Through him then let us continually offer up a sacrifice of praise to God, that is, the fruit of lips that acknowledge his name. Hebrews 13:15
I’ve wondered why our praise to God would be called a sacrifice: perhaps because we have to get our attention off ourselves and our concerns.
Do not neglect to do good and to share what you have, for such sacrifices are pleasing to God. Hebrews 13:16
Some years back my husband commented on the honesty of this verse, acknowledging that it does cost us something to do good to others.
I have received full payment, and more. I am well supplied, having received from Epaphroditus the gifts you sent, a fragrant offering, a sacrifice acceptable and pleasing to God. Philippians 4:18
This and the previous verse indicate that sometimes those spiritual sacrifices manifest themselves in meeting physical needs. Paul’s response to the Philippians’ sacrifice shows forth some of the beauty of a sacrifice given and received.
Several years ago, my husband took our youngest son out to shop for my birthday. My son was excited about perhaps buying a little something for himself after getting Mom’s present. As my son chose the item he wanted to purchase for me, my husband told him that item would take all the money he had. It took my son a few moments to process the realization that if he bought that gift for me, he wouldn’t be able to buy anything for himself. Finally, though a little teary, he decided to go ahead with the purchase. I can’t tell you how that touched my heart to realize that he denied himself to do something special for me.
Even if I am to be poured out as a drink offering upon the sacrificial offering of your faith, I am glad and rejoice with you all. Philippians 2:17
Paul was willing for his life to be poured out in ministry to others.
And walk in love, as Christ loved us and gave himself up for us, a fragrant offering and sacrifice to God. Ephesians 5:2
Even more than Paul, Christ is our example of walking in love and giving oneself.
It’s okay to call a sacrifice a sacrifice. The Bible does. It’s even okay to say it hurts. Jesus agonized in the garden of Gethsemane. Hebrews 12:1-2 says that Jesus endured the cross for the joy set before Him.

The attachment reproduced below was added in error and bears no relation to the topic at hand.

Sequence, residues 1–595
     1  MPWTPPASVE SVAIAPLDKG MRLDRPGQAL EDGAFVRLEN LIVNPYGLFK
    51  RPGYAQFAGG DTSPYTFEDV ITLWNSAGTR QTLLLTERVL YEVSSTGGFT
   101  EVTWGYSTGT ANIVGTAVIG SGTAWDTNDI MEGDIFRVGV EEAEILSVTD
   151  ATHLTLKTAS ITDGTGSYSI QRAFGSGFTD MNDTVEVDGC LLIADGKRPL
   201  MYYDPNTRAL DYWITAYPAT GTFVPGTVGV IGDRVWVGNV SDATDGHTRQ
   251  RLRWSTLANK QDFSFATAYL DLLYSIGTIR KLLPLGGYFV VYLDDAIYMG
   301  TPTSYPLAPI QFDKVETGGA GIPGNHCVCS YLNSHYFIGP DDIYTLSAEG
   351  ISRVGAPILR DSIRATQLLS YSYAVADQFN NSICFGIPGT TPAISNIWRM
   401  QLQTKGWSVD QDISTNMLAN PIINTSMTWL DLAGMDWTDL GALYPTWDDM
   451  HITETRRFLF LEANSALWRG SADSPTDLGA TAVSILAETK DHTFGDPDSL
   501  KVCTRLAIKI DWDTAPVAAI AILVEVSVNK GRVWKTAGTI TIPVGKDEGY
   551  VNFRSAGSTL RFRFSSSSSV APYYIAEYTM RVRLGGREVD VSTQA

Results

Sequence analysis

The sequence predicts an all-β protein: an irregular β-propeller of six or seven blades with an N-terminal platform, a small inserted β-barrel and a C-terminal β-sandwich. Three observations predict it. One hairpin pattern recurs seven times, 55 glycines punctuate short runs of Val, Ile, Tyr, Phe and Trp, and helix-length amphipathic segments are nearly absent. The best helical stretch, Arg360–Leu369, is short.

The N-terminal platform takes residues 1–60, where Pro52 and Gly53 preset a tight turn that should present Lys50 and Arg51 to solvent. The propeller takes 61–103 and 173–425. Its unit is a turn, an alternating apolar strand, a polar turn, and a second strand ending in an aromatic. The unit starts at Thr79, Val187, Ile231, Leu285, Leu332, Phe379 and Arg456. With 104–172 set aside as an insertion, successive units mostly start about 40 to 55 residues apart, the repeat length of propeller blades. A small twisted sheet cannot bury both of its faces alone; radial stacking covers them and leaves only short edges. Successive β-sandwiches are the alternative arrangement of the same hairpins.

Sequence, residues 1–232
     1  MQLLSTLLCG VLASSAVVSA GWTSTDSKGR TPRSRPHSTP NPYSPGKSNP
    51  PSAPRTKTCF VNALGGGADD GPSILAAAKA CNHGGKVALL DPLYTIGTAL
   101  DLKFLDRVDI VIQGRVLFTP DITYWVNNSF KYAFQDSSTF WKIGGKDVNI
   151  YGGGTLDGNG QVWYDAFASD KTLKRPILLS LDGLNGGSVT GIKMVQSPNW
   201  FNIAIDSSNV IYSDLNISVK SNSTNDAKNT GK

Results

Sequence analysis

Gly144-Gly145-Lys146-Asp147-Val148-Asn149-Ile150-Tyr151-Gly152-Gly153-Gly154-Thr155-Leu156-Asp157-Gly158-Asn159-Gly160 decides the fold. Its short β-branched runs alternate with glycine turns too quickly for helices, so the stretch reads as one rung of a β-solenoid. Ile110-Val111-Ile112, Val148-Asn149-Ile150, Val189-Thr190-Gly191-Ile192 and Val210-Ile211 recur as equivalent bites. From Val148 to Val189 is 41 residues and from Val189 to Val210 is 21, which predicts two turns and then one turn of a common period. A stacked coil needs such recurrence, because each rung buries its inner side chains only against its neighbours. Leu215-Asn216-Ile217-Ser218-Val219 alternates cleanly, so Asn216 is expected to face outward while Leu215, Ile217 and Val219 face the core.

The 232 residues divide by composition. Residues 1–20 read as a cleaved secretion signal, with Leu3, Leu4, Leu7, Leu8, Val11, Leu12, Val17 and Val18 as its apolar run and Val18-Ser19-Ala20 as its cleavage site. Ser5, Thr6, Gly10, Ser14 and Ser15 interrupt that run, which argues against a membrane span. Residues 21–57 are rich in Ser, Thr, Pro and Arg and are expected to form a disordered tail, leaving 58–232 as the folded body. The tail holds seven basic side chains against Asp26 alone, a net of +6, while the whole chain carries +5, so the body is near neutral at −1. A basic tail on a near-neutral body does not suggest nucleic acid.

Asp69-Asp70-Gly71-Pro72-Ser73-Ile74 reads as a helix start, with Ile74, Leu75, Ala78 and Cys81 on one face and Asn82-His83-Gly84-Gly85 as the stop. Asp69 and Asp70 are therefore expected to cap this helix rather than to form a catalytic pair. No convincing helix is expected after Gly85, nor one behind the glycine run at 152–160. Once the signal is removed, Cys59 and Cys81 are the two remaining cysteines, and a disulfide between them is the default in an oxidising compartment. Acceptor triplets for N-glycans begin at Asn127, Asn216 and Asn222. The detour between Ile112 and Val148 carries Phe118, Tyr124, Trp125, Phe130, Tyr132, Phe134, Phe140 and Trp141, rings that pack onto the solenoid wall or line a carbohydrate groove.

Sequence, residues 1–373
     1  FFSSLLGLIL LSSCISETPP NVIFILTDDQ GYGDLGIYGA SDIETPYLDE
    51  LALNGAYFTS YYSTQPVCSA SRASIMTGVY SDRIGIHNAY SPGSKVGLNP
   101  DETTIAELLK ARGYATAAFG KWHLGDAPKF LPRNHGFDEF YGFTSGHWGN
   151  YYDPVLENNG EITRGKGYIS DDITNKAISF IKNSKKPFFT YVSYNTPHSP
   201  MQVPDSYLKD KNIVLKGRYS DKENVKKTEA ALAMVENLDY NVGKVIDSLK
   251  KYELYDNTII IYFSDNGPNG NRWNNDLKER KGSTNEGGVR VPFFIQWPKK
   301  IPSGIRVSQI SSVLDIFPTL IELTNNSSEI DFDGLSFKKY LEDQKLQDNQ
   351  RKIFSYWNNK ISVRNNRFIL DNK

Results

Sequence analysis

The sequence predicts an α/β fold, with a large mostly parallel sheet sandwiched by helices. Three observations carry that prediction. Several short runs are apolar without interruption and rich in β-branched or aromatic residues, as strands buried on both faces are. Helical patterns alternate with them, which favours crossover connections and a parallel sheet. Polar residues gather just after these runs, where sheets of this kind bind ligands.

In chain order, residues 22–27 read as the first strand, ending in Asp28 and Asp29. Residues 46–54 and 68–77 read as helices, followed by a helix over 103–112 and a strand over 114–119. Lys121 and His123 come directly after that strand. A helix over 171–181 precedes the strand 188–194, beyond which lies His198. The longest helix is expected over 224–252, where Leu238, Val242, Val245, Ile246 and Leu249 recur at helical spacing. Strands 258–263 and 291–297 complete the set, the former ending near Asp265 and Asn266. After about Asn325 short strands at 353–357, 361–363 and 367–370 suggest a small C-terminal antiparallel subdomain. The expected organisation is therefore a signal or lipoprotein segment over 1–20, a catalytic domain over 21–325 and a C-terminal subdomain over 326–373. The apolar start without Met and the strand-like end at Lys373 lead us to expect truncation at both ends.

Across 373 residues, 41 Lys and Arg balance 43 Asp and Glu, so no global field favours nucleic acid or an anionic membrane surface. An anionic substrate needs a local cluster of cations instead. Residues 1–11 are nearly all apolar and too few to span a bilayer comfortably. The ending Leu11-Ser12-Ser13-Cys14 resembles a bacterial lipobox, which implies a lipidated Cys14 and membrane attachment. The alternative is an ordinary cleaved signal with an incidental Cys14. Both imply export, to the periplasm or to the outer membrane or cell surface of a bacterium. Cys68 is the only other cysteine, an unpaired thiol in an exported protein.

Therefore, since we are surrounded by so great a cloud of witnesses, let us also lay aside every weight, and sin which clings so closely, and let us run with endurance the race that is set before us, looking to Jesus, the founder and perfecter of our faith, who for the joy that was set before him endured the cross, despising the shame, and is seated at the right hand of the throne of God.
We can look ahead, too, to the time when every sacrifice will fade away for joy.
For I consider that the sufferings of this present time are not worth comparing with the glory that is to be revealed to us. Romans 8:18
So we do not lose heart. Though our outer self is wasting away, our inner self is being renewed day by day. For this light momentary affliction is preparing for us an eternal weight of glory beyond all comparison, as we look not to the things that are seen but to the things that are unseen. For the things that are seen are transient, but the things that are unseen are eternal. 2 Corinthians 4:16-18
Often, what makes a sacrifice seem hard is the struggle to give up what we think is ours: our time, our schedule, our goods, our lives. But as David prayed after the people of Israel offered the things needed for the building of the temple, “But who am I, and what is my people, that we should be able thus to offer willingly? For all things come from you, and of your own have we given you.” (1 Chronicles 29:14). If we remember that anything we have is not our own but was given to us by God in the first place, and if we meditate on His mercies and all He has done for us, it doesn’t seem so hard then to surrender it back to Him. Back to our definition, whatever the value of what we sacrifice, it pales in comparison to the worth of the One to whom we are sacrificing.
The beauty of sacrifice is the humble surrender to God of what He freely gave us, in response to His great love and mercy, for use in His service in a life of love and ministry to others, which He regards as wellpleasing, as a “sweetsmelling savour.”
The Lord is God, and he has made his light to shine upon us. Bind the festal sacrifice with cords, up to the horns of the altar! Psalm 118:27
(Revised from the archives)